After immunotherapy, Asian foods might be safe for peanut-allergic people

People who are allergic to peanut are strongly advised to avoid Asian style foods due to the perceived high risks of peanut being present. A new study has sought to quantify the levels of peanut that may be introduced through sharing kitchen materials in an Asian restaurant setting. Comparing these levels with various improvements in an individual’s peanut tolerance, such as through immunotherapy, highlights potentially life-saving impacts.

Researchers created three versions of popular peanut-containing sauces and used these to represent common ingredients used in Asian restaurant kitchens. Different combinations of utensils, equipment, sauces and test conditions were prepared by a professional chef, with or without cleaning procedures that would represent common and normal daily practice.

Residual amounts of peanut-containing material on kitchen equipment and utensils were measured and used for quantitative risk assessment to model the risk reduction associated with building up an individual’s tolerance to peanut through a treatment such as immunotherapy.

Without being cleaned, samples taken from shared utensils had 23 to 1519 mg peanut protein. After a water rinse, 3 to 82 mg peanut protein was detected. Shared woks and pans had up to 20 mg peanut protein after rinsing.

If, through an immunotherapy treatment program, someone can achieve a tolerance threshold of 300 mg peanut protein, modelling showed that brief cleaning would reduce the predicted relative risk by 94.9 to more than 99.99 per cent. For someone with an initial tolerance of less than or equal to 100 mg peanut protein who can reach a threshold of 300 mg peanut protein, this would reduce the relative risk of an allergic reaction by 63.5 to 91.1 per cent – even when kitchen equipment was shared and not cleaned. This risk reduction could increase to 91.0 to 99.7 per cent if a person can reach a tolerance threshold of 1000 mg peanut protein.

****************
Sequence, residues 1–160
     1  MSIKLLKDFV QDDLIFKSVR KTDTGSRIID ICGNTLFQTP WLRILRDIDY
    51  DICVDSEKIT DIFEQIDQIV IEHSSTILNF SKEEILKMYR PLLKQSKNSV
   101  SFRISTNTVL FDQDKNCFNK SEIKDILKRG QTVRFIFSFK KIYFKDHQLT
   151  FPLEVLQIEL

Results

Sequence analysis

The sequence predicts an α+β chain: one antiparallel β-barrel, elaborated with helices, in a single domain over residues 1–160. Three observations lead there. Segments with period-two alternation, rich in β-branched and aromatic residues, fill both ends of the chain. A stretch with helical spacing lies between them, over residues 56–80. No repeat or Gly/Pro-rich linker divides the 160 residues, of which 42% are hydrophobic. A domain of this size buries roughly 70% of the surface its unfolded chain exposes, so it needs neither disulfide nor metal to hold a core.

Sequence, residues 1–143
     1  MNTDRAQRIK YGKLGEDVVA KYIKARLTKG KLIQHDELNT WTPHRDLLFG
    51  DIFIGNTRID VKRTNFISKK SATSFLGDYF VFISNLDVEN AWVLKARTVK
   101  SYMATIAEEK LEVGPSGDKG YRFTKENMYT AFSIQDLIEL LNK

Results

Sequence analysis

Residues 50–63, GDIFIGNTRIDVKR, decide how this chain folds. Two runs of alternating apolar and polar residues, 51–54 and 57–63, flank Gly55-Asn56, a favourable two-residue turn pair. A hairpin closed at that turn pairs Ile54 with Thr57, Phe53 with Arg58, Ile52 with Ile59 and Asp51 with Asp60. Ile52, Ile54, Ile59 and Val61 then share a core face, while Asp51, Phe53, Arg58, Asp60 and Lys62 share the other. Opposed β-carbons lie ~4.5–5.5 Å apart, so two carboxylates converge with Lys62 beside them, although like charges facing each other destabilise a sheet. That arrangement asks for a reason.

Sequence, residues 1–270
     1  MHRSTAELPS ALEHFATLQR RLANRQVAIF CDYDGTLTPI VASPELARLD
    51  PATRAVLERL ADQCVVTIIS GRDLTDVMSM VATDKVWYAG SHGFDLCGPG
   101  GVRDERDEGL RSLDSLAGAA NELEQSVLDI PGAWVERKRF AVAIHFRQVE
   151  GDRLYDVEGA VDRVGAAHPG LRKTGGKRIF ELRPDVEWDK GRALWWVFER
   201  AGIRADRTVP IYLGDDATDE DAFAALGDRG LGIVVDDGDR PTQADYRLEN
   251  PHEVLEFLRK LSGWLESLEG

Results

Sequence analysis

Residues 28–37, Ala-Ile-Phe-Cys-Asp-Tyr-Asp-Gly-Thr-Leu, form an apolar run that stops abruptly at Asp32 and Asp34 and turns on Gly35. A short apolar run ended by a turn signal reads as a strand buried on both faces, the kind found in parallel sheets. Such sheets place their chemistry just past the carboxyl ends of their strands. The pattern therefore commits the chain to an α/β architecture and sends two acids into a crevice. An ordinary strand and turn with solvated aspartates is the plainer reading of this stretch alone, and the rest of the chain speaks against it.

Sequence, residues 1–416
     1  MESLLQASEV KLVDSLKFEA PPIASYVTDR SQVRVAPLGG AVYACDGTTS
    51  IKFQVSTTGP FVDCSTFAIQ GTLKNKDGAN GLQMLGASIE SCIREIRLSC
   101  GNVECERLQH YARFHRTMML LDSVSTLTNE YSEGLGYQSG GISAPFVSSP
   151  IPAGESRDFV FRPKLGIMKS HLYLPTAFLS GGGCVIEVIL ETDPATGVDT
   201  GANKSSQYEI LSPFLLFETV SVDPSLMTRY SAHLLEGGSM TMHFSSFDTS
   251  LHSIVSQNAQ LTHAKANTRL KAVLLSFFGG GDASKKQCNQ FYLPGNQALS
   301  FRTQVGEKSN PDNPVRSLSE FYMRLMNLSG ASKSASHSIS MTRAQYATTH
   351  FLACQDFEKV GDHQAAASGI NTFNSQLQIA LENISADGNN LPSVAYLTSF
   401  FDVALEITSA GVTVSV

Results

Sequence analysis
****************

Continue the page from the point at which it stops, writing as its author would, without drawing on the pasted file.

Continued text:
Immunotherapy treatments that can boost a person’s tolerance threshold to achieve an eliciting dose of 300 or 1000 mg peanut protein are likely to prevent potentially life-threatening allergic reactions in peanut-allergic people who accidentally consume peanuts due to suboptimal restaurant kitchen practices.

Reference: Remington et al. 2020 Annals of Allergy, Asthma and Immunology. DOI: 10.1016/j.anai.2020.07.030.

Allergen Bureau note: Author Ben Remington is a member of the VITAL Scientific Expert Panel. See VITAL Science.